What makes any period of time "interesting" anyway? That's a tough call. Any moment in the past has points that are interesting. But what makes some periods more interesting than others, I guess, are those times when a society -- be it a city, country, or even the whole world -- is going through a particularly fierce and tumultuous battle for its very identity and soul; when it appears that the future is a complete tabula rasa, a clean slate that the victor in the battle for power will be able to draw on; where the choices are zero-sum and the winner takes all.
In essence, history is most interesting when it is being transformed.
Think of the Revolutionary War. The Civil War. Certainly World War II. Think of the Battle of Waterloo or 9/11. Think of the Great Depression or the election of Ronald Reagan. People were faced with a choice about what kind of country and world they wanted to live in -- and the battle was on. Thus interesting times ensued. And the world was never the same again.
But interesting times must, at some point, come to a climax -- the story must reach its moment of maximum intensity before going into its denouement.
For the last decade, since 9/11, NYC has been going through some very interesting times. We suffered and then recovered from the worst terrorist attack in history. We went through a dreadful blackout. Most recently, the financial crises hammered the city and the country's economy. We took a beating but got back up.
Yet it feels, more and more, that the interesting times NYC has been going through has been leading right up to this very moment. The climax of our story is upon us. Perhaps I'm being overly dramatic but, when I read the headlines, I get the sense that NYC is at a crossroads, a turning point where we may be permanently transformed in ways in which our city's fate will be sealed forever.
The debate over the "Ground Zero mosque" is but one example. If the forces of darkness, of hate and fear, prevent a private entity from constructing a building purely for religious/political reasons, it will be a dark day for our city and a troubling precedent for our future.
But it wouldn't be the first troubling precedent we've seen lately: less than two years ago the city council blatantly ignored the public will and extended term limits for themselves after city voters had twice approved a two-term limit. This outrageous action spawned a city charter commission that has created two "ballot issues" for this fall's election: one where we get to change term limits back to two and another that is so confusing and strange that no one seems to understand it. This charter commission has been regarded, quite rightly, as a disgrace. It failed to do anything about structural reform in our city government and it allows those council members who are currently in office to still serve three terms! The changing of term limits already brought NYC to a crossroads -- and we went down the wrong path.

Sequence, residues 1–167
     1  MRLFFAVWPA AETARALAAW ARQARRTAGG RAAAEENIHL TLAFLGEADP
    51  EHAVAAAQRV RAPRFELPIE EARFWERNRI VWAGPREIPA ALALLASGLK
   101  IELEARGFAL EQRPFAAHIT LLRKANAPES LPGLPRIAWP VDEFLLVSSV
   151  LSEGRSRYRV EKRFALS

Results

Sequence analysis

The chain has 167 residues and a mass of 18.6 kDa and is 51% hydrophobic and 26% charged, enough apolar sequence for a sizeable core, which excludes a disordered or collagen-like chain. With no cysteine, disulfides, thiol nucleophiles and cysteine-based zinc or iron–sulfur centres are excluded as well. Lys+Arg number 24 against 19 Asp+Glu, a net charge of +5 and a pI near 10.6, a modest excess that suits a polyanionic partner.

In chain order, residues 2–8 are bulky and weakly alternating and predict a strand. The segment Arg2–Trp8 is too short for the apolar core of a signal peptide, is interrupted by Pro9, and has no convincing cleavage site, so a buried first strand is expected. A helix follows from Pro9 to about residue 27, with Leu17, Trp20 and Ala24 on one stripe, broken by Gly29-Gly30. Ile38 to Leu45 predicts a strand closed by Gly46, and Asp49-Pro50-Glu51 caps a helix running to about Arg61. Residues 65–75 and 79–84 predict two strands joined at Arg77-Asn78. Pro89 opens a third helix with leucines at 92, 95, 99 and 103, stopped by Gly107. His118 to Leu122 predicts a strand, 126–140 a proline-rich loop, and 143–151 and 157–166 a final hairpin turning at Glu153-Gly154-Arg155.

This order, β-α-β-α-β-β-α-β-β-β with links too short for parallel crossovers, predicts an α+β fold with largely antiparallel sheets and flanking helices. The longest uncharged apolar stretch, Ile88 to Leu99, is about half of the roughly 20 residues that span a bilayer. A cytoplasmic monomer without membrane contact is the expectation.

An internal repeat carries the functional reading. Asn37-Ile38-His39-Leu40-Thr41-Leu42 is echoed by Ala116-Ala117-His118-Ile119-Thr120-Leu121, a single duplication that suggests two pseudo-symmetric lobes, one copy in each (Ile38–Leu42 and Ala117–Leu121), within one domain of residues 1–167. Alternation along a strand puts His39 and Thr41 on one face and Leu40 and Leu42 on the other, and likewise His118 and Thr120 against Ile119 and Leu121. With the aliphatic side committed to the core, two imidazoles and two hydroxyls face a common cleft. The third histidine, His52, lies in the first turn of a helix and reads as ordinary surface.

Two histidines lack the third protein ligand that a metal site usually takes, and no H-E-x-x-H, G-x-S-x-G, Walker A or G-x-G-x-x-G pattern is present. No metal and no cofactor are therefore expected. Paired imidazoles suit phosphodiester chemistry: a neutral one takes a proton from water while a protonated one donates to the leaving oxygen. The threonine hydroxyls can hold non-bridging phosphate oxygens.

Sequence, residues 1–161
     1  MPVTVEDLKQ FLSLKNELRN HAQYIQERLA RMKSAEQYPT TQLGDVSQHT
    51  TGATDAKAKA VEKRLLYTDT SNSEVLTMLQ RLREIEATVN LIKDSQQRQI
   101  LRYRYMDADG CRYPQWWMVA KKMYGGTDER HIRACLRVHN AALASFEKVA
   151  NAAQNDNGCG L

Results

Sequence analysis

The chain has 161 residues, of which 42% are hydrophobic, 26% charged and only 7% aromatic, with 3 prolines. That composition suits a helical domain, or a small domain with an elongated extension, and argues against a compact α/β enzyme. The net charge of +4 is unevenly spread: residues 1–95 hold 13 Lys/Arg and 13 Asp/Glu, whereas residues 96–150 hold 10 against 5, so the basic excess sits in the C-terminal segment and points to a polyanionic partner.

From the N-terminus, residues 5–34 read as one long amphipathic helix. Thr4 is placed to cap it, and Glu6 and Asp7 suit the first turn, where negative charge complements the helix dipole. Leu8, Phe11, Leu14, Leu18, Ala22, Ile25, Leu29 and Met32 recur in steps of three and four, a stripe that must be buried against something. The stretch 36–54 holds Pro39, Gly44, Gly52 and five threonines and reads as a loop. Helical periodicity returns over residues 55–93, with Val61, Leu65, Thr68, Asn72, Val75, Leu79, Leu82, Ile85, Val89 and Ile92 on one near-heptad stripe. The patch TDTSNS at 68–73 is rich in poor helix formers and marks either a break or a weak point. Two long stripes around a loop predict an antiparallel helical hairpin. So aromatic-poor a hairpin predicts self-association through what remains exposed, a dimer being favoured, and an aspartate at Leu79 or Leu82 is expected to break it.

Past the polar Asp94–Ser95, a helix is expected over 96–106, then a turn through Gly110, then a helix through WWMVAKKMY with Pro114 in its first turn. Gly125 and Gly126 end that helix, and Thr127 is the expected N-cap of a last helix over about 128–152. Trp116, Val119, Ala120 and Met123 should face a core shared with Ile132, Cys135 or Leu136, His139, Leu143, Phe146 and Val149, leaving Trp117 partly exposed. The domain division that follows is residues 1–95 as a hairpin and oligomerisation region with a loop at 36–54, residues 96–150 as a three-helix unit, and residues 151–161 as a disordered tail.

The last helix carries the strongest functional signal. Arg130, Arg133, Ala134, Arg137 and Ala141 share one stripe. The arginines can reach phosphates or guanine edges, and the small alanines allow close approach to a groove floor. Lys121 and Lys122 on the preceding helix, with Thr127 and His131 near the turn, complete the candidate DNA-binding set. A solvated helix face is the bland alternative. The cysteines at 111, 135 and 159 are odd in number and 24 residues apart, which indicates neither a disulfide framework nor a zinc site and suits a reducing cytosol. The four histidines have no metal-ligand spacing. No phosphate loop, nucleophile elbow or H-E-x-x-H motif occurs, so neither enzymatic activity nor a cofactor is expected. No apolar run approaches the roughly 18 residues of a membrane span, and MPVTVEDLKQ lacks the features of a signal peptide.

And yet another crossroads is one that, in years to come, we will be able literally to see outside our windows. The city council has approved, and financiers and developers are furiously working on, constructing enormous big glass box buildings that will change the city skyline. Now, we all recognize that NYC is dynamic and that buildings go up and down all the time. But as this fine article points out, this "cavalcade of skyscrapers" are ugly as sin and the skyline could start to look like any typically overbuilt, anonymous city -- not the NYC of unique architecture and spirit that we all love. Another crossroads and another (apparently) wrong turn.
Then, as always, there's the economy. Apparently the recession in NYC is over -- and we're doing great! But like everything else in these "interesting times", the reality is more complex and confusing. Apparently if you are professional and upper class and/or live in Manhattan, you are thriving. Wall Street is back! Bonuses are huge! We face less foreclosures and bankruptcies than elsewhere. But if you're middle class or poor, the future in NYC is bleak. Non-professionals who have lost their jobs are struggling mightily and wages for those lucky enough to work are declining. Most distressingly, high long-term unemployment is becoming a permanent fixture of the city economy. This really is becoming a city of the haves and have-nots, of rich and poor. Increasingly 21st century NYC is beginning to resemble 19th century Russia. Our economy, our city's very well-being, is at a crossroads as well -- and it appears to be going in the wrong direction too.
So as the long decade since 9/11 comes to a close in NYC, the interesting times of the last several years are playing out -- and this is how the city has been transformed since then; this is the climax to our story. The rich are richer than ever before, the poor are getting poorer. The middle class is becoming but a memory. The city is increasingly starting to resemble Dubai and our government is as rinky-dink as ever. We are allowing the forces of darkness to overwhelm the forces of reason and the city is more polarized than ever.
NYC will always be a great city and I will always love it. But we're at a crossroads now and it looks like we're inching down the wrong path. Let's hope we change course before it's too late.